This mission, serving as a stepping stone to deeper space exploration, is anticipated to amass invaluable data for potential future journeys to Mars.

Central to NASA’s strategic approach is collaborative engagement with commercial and international partners aimed at establishing a sustained human presence on the lunar surface. This phase, epitomized by the Artemis mission, lays the foundation for the subsequent audacious endeavor: sending the first astronauts to Mars, a resolute leap into uncharted cosmic terrain.

The initial focus of NASA’s lunar exploration is to engineer methods to cultivate oxygen and water supplies on the arid lunar expanse, devoid of a breathable atmosphere due to its tenuous nature. Subsequently, NASA intends to expand its scope to encompass the extraction of other critical resources, including minerals like iron. 

Demonstrating its commitment, NASA is set to dispatch a test drill into space this month, geared towards harvesting lunar soil – a harbinger of its aspirations to establish a processing plant by 2032.

Gerald Sanders, a distinguished rocket scientist affiliated with NASA’s Johnson Space Center, stressed the agency’s strategic objective of comprehensively understanding lunar resources during the exploration phase. This understanding aims to mitigate risks and catalyze external investments that could eventually lead to the realization of development and production endeavors. Sanders emphasized that the current efforts merely scratch the surface of the Moon’s resource potential.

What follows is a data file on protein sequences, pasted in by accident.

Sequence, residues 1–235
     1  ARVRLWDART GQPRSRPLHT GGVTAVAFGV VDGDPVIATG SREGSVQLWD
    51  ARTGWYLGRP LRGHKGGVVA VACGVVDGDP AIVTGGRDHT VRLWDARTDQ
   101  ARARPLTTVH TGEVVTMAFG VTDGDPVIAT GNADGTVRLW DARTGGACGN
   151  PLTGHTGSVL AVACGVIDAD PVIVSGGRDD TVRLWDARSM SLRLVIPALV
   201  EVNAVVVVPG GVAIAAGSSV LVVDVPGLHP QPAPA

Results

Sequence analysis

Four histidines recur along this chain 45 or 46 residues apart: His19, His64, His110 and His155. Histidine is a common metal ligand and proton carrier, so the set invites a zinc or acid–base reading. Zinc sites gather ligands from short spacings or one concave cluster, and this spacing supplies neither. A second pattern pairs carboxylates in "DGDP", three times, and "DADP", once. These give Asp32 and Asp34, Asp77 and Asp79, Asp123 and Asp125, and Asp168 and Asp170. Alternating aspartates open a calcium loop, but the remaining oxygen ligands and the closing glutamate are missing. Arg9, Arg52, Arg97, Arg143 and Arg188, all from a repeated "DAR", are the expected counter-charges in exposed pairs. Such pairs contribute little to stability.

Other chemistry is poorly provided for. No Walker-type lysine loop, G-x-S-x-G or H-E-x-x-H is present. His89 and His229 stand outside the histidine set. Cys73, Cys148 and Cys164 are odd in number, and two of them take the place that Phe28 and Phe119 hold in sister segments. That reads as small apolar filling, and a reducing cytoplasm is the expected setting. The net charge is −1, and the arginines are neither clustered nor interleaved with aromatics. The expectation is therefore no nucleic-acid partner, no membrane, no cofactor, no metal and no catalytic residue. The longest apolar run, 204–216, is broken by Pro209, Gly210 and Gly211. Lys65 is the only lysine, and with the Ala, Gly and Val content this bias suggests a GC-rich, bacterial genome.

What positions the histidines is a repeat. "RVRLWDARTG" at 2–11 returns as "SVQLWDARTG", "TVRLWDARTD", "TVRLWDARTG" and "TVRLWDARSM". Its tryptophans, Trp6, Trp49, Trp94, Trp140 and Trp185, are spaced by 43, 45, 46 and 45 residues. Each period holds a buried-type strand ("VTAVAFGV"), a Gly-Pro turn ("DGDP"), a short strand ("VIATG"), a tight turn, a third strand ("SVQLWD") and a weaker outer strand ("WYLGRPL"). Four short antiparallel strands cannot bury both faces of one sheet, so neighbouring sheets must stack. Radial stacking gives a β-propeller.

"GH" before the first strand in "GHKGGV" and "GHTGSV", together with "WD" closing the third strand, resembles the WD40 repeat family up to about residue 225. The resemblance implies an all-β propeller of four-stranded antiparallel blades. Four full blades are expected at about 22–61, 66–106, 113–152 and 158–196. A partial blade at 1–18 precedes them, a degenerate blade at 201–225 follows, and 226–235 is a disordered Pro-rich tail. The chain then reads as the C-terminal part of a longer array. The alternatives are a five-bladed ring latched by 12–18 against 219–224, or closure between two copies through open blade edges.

Leveraging the Artemis mission, scientists are poised to usher in a new era of commercial opportunities in space. Visionary enterprises in the commercial rocket industry are projected to be among the primary beneficiaries, tapping into the Moon’s resource pool to fuel their endeavors.

The impending second phase of the Artemis mission, scheduled for launch in 2024 as reported by, is poised to elevate lunar exploration to unprecedented heights. In this phase, four astronauts will embark on an eight-day mission circumnavigating the Moon – an endeavor with profound implications, marking the first such voyage since 1972.